August 2004 Bulletin

Patient safety tip

My hands are clean—or are they?

By Robert L. Brooks, MD, PhD

The increasing incidence and prevalence of healthcare-associated infections is one of the largest patient safety problems facing our society. Physicians, nurses, pharmacists and public health experts are constantly battling microbial enemies that have a billion years’ experience in mutating to survive. New antibiotics are beneficial, but also bring further resistance as well as tragic complications such as clostridium difficile-associated colitis.

Yet when it comes to the most basic and least expensive of infection control modalities—frequent hand washing—American caregivers continue to fall abysmally short. Direct observational studies consistently show that physicians wash their hands while making hospital rounds one third to one half as often as they should. We visit patients, shake hands, use a stethoscope and hurriedly move on to the next patient, or to the medical record, all the while potentially cross-pollinating disease.

In the March 25, 2004 issue of the New England Journal of Medicine, Atul Gawande, MD, a general surgeon, published an emotionally powerful review of the history of physician hand-washing habits and the difficulty of achieving behavioral change. Only in the operating suite have we established a culture that does not tolerate inadequate cleanliness. We rarely achieve the same standards in our intensive care units and surgical wards.

For this reason, the Joint Commission on Accreditation of Healthcare Organizations (JCAHO) required all accredited hospitals to comply with all of the hand hygiene guidelines recommended by the Centers for Disease Control as of January 1, 2004. These guidelines specify that hospital caregivers may not wear artificial fingernails, and they must trim their nails no longer than ”. In addition, hands must be washed between every patient contact. Although every American hospital staff member is striving to achieve these standards, there are many barriers. As physicians, we must believe that staff is watching us—their role models—to see if we walk the walk in addition to talking the talk.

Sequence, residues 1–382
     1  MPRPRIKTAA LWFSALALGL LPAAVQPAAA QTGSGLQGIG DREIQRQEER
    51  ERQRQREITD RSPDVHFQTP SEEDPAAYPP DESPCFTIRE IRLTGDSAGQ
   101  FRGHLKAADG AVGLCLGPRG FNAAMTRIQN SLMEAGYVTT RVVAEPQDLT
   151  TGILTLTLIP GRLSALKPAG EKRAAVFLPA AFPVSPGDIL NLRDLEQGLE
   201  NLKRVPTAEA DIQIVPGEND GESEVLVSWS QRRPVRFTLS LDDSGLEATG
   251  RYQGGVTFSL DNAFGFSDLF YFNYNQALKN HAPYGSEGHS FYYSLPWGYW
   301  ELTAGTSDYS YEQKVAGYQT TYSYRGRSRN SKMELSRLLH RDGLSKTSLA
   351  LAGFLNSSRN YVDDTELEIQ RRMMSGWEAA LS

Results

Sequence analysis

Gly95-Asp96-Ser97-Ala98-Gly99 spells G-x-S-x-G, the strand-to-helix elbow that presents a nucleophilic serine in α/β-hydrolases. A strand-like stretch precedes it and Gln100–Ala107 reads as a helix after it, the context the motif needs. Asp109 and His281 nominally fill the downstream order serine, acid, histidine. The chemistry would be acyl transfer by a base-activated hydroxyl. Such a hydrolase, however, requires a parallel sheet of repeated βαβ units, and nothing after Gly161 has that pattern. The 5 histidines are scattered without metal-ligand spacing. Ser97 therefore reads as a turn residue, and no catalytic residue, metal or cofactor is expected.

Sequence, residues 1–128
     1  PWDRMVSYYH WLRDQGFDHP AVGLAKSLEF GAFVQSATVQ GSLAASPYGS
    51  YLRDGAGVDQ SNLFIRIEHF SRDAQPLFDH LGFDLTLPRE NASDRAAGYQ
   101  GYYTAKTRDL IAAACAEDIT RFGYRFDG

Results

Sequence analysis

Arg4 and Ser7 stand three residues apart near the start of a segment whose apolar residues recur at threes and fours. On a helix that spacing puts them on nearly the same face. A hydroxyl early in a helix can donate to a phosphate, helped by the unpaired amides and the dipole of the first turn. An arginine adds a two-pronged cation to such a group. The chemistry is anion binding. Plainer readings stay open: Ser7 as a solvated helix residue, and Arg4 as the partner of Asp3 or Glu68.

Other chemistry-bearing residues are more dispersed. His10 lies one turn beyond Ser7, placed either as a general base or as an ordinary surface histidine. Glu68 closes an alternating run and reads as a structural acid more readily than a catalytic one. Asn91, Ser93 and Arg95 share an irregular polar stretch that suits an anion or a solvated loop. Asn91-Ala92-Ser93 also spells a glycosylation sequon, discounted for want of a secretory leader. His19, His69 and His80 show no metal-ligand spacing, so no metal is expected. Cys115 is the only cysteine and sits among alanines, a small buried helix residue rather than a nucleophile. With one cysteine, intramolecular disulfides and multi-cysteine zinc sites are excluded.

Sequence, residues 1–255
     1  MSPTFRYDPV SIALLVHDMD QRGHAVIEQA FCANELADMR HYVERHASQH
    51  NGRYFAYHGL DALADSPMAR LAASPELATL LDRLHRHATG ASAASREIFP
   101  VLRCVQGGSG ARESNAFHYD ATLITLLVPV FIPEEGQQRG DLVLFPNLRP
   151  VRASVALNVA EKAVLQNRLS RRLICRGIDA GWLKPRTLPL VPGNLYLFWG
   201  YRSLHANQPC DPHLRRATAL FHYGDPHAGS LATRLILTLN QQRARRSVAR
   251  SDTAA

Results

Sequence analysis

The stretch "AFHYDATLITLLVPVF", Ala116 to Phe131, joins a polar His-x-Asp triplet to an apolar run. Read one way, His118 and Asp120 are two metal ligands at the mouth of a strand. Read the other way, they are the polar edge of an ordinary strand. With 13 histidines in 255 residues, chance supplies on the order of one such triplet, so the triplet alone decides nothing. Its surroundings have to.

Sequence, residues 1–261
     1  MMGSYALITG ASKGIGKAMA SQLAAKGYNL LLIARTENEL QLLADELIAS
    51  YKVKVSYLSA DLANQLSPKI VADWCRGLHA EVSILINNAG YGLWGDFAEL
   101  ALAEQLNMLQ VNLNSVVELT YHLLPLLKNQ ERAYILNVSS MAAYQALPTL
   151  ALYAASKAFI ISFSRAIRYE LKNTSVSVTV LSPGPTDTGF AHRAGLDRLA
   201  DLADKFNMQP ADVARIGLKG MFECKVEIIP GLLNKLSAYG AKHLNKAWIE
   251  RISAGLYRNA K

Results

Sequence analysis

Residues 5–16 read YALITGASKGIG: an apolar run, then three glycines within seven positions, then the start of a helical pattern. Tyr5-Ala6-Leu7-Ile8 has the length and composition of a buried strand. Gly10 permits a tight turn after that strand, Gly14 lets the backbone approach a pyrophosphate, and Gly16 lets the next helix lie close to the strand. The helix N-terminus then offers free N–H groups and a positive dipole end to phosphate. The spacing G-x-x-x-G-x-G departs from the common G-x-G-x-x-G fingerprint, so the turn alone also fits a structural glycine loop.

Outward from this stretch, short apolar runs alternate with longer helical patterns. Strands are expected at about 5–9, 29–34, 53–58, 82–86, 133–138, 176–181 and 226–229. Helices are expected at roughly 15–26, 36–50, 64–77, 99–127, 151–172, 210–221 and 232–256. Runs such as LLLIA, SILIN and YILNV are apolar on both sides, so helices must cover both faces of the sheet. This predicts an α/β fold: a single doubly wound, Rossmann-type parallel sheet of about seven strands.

Patients are watching

Our patients are also alert to increasing hospital-associated infections. Media reports leave patients with the impression that too many infections are spread by doctors and nurses. Patients are asking their providers to wash their hands before touching them and noticing when they do not. Of the top 10 Patient Safety Tips published in the AAOS Bulletin of April 2004, only one was submitted by a patient. Ms. Bonnie Wallace of Greensboro, N.C., wrote: “For patients—Keep a pump bottle of hand sanitizer on your bed tray. It serves as a visual reminder for staff to wash their hands or put on gloves.”

The AAOS membership has taken a proud leadership role in patient safety issues. We should also “own” the problem of healthcare-associated infections and set an example for other providers. Let us wash our hands of this issue, and, in so doing, again turn the wrench to improve the safety of our patients.

Robert L. Brooks, MD, PhD, is a member of the AAOS Patient Safety Committee.

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